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How an Armed Assistant Principal Stopped a School Shooter

Monday, December 17, 2012 | 3:16 PM

A monster name Luke Woodham
Dec. 17, 2012 - The nightmarish school shooting in Newtown, CT last week reminds us that lives could have been saved if some of the staff at Sandy Hook Elementary had been armed. One of them might have been able to take down killer Adam Lanza, thereby saving a dozen or more lives. Gun owners sometimes use their weapon to defend themselves or others but these stories rarely make it to the front page.

Sometimes a gun is used defensively against an animal. Sometimes it's used against a lunatic shooting at kids in a school, and sometimes the hero is a staffer of that school. Assistant principal Joel Myrick, for example, who undoubtedly prevented more killings by using his own hand gun to ruin a killer's day. He used his own pistol to stop a shooting on October 1, 1997 at Pearl High School in Pearl, Mississippi. Time Magazine reported the following:
At 8 a.m. on Oct. 1, Luke Woodham, 16, bookish and overweight, drove a white Chevy Corsica up to his high school. That was already a sign of trouble: the young man had poor vision and was driven to school every day by his mother. But three hours earlier that morning, Mary Ann Woodham, 50, had been stabbed to death with a butcher knife in the home she shared with her son. Luke Woodham walked into Pearl High's commons, an enclosure created by the school's buildings. He then took a .30-.30 rifle from beneath his blue trench coat and opened fire, wounding seven schoolmates and killing two, Lydia Kaye Dew, 17, and Christina Menefee, 16, a girl he once dated. He was subdued by assistant principal Joel Myrick, who pulled a .45-cal. pistol from his car and ordered the gunman to the ground. "Mr. Myrick," said Woodham, "I was the guy who gave you the discount on the pizza the other night." Woodham had been hoping to make the assistant manager's program at the local Domino's.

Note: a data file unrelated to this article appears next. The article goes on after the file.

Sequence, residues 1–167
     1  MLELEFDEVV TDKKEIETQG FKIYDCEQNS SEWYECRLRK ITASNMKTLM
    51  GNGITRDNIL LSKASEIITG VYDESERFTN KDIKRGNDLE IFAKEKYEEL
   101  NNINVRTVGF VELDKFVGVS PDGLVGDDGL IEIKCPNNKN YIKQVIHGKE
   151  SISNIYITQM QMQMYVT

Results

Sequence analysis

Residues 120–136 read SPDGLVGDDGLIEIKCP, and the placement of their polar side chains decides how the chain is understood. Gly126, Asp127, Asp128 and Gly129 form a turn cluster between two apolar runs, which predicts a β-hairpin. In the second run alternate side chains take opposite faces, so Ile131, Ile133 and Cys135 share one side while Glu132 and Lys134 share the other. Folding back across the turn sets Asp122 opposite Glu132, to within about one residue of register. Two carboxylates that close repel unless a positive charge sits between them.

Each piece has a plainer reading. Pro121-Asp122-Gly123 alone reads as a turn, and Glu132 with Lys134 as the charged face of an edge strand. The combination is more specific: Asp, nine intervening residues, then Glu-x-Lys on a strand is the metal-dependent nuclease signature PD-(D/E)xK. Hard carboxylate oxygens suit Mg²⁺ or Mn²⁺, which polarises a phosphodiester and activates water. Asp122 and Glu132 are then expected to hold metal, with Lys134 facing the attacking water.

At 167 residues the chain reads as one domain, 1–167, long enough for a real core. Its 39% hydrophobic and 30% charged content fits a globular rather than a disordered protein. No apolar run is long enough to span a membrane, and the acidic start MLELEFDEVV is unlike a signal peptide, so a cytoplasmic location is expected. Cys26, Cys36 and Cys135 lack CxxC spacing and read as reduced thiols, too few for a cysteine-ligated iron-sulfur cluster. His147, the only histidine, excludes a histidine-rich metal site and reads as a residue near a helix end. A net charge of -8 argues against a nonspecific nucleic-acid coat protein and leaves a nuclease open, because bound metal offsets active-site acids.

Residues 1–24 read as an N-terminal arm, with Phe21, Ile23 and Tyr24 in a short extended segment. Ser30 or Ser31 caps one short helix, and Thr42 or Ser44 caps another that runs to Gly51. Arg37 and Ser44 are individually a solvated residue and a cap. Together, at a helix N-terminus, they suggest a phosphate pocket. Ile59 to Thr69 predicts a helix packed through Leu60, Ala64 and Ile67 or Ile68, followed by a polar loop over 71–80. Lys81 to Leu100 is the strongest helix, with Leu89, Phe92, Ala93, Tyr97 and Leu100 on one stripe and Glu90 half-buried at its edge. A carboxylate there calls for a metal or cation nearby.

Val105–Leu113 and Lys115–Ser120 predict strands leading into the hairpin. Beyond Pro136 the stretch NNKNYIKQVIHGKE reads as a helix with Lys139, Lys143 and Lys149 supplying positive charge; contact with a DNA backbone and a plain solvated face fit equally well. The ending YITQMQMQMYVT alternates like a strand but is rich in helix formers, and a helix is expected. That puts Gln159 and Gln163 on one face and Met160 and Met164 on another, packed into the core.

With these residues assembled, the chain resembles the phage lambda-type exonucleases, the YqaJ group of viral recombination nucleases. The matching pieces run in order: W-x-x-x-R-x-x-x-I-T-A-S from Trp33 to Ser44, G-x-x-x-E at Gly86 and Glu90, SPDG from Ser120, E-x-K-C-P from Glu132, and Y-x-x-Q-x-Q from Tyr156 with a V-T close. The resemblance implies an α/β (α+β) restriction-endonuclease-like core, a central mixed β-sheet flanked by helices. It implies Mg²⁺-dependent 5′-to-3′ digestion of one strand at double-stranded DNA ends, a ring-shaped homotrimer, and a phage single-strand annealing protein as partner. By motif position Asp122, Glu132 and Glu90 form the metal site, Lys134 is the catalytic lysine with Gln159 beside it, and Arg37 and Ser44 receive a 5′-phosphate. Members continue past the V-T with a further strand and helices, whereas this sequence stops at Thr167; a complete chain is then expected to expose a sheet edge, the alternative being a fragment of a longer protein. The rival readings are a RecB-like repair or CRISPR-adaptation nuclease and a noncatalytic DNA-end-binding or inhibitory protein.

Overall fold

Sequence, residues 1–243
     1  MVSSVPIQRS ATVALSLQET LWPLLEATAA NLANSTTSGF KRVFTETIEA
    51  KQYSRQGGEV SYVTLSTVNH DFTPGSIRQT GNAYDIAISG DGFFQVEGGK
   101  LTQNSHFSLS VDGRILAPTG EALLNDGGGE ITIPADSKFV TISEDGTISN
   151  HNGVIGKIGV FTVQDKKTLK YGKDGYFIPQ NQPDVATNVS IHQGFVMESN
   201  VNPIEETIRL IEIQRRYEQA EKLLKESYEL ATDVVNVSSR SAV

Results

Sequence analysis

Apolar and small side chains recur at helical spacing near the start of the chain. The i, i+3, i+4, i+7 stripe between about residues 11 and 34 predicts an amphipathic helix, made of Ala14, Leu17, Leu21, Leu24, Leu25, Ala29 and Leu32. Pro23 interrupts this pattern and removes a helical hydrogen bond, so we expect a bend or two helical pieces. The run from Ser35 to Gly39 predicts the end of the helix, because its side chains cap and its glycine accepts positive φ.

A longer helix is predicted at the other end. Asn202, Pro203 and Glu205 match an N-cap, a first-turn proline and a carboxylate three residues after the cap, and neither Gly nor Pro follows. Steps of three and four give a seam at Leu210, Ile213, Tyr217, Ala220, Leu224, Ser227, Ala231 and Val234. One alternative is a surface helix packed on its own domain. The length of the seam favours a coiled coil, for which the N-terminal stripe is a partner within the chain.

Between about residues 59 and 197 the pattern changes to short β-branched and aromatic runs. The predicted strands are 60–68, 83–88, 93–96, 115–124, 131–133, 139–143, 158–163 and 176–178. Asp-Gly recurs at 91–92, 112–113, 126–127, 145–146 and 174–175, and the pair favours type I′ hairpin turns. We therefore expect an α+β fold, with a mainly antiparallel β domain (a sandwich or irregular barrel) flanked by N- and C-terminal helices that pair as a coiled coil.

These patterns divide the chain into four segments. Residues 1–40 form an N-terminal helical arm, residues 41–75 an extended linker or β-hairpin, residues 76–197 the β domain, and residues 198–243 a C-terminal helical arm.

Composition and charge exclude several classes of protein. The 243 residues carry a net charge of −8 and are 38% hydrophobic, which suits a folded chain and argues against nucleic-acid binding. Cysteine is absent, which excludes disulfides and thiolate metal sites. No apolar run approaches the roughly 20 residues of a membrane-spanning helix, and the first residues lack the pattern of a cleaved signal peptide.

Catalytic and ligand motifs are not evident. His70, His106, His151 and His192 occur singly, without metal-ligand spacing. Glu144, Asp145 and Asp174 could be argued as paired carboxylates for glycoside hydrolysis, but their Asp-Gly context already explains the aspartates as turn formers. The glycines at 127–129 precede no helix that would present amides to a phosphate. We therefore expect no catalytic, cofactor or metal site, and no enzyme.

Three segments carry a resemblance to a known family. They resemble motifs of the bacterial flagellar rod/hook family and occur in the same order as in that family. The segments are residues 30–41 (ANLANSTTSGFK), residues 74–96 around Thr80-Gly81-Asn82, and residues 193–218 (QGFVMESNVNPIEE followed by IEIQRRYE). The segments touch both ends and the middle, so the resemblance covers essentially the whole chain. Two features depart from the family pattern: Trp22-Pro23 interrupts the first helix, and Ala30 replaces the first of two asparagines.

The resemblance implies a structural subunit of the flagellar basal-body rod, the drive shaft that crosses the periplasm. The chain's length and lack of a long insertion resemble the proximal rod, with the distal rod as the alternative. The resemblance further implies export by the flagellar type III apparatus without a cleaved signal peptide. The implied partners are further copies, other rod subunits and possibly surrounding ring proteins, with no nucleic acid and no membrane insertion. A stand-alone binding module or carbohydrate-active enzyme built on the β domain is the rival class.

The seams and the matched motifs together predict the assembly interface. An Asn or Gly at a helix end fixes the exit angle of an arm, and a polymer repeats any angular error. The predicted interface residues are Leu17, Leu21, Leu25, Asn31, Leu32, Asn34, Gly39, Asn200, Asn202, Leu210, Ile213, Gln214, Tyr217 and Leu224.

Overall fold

See the data: at dailyanarchist.com
If Myrick had not had a gun available, Luke Woodham would probably have been able to kill more people -  only God knows how many more. Anti-gun advocates, of course, would have preferred for Myrick to not have a gun with him that day, and for everyone at the school to just duck under their desks and wait for the police to arrive, while Woodham continued his shooting spree.

It is curious that Time's only mention of Joel Myrick was in that one paragraph. It was unavoidable, of course: How else would Time explain how crazy Luke was stopped?

To dwell on Myrick's heroic actions, of course, would be to lend justification to his defensive use of a gun - a gun that was used to save lives. The editors of Time probably still feel guilty about having to even mention that part of the story at all. Guns don't save people, armed people save people.

The story of Luke Woodham is not the story of your typical gun owner. Pardon my layman's analysis, but the guy was obviously crazy. Highlights of his insanity, by way of inhumane.org:
  • Woodham, age 16, tortured and set fire to and killed his dog, Sparkle. He was quoted as saying to the police "I made my first kill, we sprayed fluid down her throat, her neck caught on fire inside and out. It was true beauty." 
  • Woodham, stabbed his mother to death in her bed then went on to school the same day to open fire on his classmates, killing two teenage girls and injuring 7 others.